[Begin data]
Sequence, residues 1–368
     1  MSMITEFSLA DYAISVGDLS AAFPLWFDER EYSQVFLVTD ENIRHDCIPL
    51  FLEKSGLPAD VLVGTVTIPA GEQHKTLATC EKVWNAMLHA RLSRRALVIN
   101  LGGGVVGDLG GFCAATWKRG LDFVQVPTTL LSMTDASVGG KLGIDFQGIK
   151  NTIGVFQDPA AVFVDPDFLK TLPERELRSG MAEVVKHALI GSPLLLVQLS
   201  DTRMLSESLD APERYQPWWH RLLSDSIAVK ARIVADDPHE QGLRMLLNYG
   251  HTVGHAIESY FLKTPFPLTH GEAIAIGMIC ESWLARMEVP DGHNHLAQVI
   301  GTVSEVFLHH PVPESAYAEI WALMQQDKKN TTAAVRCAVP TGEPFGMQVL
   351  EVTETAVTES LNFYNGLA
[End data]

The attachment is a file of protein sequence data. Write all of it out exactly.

Sequence, residues 1–368
     1  MSMITEFSLA DYAISVGDLS AAFPLWFDER EYSQVFLVTD ENIRHDCIPL
    51  FLEKSGLPAD VLVGTVTIPA GEQHKTLATC EKVWNAMLHA RLSRRALVIN
   101  LGGGVVGDLG GFCAATWKRG LDFVQVPTTL LSMTDASVGG KLGIDFQGIK
   151  NTIGVFQDPA AVFVDPDFLK TLPERELRSG MAEVVKHALI GSPLLLVQLS
   201  DTRMLSESLD APERYQPWWH RLLSDSIAVK ARIVADDPHE QGLRMLLNYG
   251  HTVGHAIESY FLKTPFPLTH GEAIAIGMIC ESWLARMEVP DGHNHLAQVI
   301  GTVSEVFLHH PVPESAYAEI WALMQQDKKN TTAAVRCAVP TGEPFGMQVL
   351  EVTETAVTES LNFYNGLA